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Data from: Changes in plant architecture in Brazilian peppertree damaged by the biological control agent, Pseudophilothrips ichini Hood (Thysanoptera: Phlaeothripidae)

posted on 2023-12-14, 22:50 authored by DALE HALBRITTERDALE HALBRITTER, Eutychus Kariuki, Gregory Wheeler, Min Rayamajhi, Carey R. Minteer, Quentin ReadQuentin Read

These data come from a roughly 4-year study on the growth response of a highly invasive woody plant to the damage induced by its biological control agent (an insect) and to soil fertilizer levels. The study design was an interrupted time series in which data were collected from plants for 2 years ("pre"), agents were introduced, and data collection continued for 2 years with sustained agent releases ("post"). Each month, stem tip counts and other measurements were collected from roughly 200 plants: 100 in each of two garden plots (IPRL and UF/IRREC). As plants grew larger (eventually to ~250 cm tall), data collection was spaced to roughly every 2 months and some replicates within each treatment were dropped. In addition to the "interruption" of introducing the agents, the other treatment was the addition of various concentrations of liquid fertilizer to the soil throughout the study. While there were no control plants that did not receive insects, each plant was followed over the course of the pre-post design experiment and Bayesian mixed modelling was used to interpret the effect of releasing the insect on how plant growth parameters changed over time and under different fertilizer levels. We have included raw data in .csv and .xlsx formats, one set for each garden plot as plots were analyzed separately. The Excel files have notes in the header column providing more information about each variable. However, not all variables were analyzed in the published study. The R code is also attached, which runs the Bayesian analyses for each plot and each response variable of interest in the published study. Raw data are also provided for soil and foliar nitrogen content. Soil nitrogen was analyzed at both plots, but foliar nitrogen was only analyzed at one of the plots (IPRL).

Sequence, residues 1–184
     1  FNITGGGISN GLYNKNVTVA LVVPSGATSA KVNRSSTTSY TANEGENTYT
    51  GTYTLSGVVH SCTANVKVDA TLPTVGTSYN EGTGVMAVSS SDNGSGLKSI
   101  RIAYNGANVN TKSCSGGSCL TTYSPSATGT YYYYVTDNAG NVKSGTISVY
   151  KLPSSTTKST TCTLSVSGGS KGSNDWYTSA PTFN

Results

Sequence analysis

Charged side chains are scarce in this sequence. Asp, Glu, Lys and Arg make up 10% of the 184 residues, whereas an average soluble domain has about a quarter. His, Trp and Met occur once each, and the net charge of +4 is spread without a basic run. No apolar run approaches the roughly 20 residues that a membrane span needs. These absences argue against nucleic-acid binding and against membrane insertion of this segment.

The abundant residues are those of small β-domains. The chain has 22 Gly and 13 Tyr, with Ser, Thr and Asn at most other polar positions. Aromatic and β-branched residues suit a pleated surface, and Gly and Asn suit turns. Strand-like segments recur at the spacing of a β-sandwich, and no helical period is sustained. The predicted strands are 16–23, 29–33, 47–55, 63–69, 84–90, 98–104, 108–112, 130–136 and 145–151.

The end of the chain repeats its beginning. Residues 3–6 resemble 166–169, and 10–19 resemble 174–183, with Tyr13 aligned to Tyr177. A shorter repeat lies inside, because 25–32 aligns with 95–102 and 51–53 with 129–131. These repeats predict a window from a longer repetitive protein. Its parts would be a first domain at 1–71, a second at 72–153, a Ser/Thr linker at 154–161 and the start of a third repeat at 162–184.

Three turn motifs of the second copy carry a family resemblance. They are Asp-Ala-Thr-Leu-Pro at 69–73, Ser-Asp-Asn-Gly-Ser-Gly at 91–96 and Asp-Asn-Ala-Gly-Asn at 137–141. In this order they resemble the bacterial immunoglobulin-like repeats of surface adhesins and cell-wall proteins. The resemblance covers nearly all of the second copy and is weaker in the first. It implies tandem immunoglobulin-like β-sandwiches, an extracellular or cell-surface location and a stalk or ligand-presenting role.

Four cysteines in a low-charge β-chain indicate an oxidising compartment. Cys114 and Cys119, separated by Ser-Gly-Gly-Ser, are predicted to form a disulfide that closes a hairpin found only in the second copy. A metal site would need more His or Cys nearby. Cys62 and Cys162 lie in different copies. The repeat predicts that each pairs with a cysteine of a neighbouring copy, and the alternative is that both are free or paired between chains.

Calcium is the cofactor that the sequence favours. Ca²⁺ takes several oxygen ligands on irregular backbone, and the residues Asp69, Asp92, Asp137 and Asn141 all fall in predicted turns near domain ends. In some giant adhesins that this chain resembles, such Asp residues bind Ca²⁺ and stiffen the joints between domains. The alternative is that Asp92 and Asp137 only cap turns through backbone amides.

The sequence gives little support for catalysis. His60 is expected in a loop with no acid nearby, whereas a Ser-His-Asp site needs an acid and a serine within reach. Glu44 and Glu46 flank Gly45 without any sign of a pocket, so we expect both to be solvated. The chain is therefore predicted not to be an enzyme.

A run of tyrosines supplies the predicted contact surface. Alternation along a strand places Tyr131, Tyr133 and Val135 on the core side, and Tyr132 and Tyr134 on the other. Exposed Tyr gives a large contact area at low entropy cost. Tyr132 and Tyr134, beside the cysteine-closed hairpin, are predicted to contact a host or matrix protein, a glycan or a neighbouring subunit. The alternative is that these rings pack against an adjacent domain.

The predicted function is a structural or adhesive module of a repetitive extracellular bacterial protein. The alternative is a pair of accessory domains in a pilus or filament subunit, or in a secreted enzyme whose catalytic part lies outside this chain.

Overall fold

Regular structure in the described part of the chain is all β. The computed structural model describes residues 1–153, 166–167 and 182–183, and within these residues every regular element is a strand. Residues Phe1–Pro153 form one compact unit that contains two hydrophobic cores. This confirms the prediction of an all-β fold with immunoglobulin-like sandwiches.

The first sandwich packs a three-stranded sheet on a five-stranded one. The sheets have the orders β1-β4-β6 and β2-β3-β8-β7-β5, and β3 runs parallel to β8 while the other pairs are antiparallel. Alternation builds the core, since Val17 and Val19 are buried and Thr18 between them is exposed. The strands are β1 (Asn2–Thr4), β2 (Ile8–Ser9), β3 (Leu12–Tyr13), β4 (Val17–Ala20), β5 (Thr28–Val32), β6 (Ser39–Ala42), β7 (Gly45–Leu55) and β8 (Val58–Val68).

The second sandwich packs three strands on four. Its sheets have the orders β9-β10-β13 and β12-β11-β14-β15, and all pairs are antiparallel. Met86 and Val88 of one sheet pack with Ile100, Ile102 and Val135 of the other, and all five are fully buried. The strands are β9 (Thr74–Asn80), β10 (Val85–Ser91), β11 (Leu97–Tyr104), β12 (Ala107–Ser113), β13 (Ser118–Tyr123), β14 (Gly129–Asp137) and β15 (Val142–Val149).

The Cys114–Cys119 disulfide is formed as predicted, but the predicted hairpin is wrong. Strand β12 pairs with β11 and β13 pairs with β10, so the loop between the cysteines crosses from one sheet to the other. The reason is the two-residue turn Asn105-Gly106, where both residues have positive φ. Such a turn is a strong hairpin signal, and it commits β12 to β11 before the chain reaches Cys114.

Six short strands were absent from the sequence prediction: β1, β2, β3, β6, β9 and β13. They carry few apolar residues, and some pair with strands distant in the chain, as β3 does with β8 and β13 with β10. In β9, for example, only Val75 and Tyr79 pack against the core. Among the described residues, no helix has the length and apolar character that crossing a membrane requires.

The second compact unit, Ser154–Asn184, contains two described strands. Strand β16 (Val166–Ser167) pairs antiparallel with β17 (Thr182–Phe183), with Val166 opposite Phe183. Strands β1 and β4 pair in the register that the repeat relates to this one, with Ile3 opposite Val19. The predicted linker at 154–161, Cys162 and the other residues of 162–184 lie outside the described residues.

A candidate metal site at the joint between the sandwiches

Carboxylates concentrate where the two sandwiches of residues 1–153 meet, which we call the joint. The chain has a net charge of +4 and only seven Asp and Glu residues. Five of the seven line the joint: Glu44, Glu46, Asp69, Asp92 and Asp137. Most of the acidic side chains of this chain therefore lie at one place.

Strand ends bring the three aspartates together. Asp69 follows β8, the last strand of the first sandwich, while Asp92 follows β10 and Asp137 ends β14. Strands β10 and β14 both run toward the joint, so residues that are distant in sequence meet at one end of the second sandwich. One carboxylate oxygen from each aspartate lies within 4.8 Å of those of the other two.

South Florida Water Management District

U.S. Army Corps of Engineers

University of Florida Institute of Food and Agricultural Sciences

Florida Fish and Wildlife Conservation Commission



Data contact name

Halbritter, Dale A.

Data contact email


Ag Data Commons

Intended use

These data can be used as an example of how to analyze the effect of a treatment that takes time to cause change after implementation but where there are circumstances preventing you from having control groups. The data also show the seasonality of growth patterns for an invasive plant.

Use limitations

These data should be used with caution when inferring the overall impact the agents might have on the target plant in the wild. Biological control agents were released in this experiment at densities typically greater than those observed in now established field populations in Florida (which we did not know at the start of the experiment as the first wild releases of the agent were only just beginning). While the heavy damage inflicted to some of these experimental plants has been observed at comparable levels in field plants, there are many cases where field damage is much less.

Temporal Extent Start Date


Temporal Extent End Date



  • monthly


  • Not specified

Geographic Coverage

(25.95725, -80.40788) (27.43180, -80.41094)

Geographic location - description

The experimental plots were in southern Florida: USDA-ARS Invasive Plant Research Laboratory (IPRL) in Fort Lauderdale, FL (25.95725, -80.40788) University of Florida Indian River Research and Education Center (UF/IRREC) in Fort Pierce, FL (27.43180, -80.41094) For greater scope in the U.S., the invasive plant studied is found in most of Florida where it doesn't freeze in the winter, coastal southern Texas, coastal southern California, and Hawaii. Each garden plot was maintained on the grounds of the research centers listed above. Plots each contained roughly 100 plants that were spaced 2 meters apart in eight rows of 13 plants.

ISO Topic Category

  • biota
  • environment

National Agricultural Library Thesaurus terms

plant architecture; Schinus terebinthifolia; biological control agents; Phlaeothripidae; invasive species; insects; soil; fertilizer rates; experimental design; time series analysis; Bayesian theory; plant growth; leaf nitrogen content; nitrogen; statistical models; mortality; plants (botany); Florida

OMB Bureau Code

  • 005:18 - Agricultural Research Service

OMB Program Code

  • 005:040 - National Research

ARS National Program Number

  • 304

Pending citation

  • No

Public Access Level

  • Public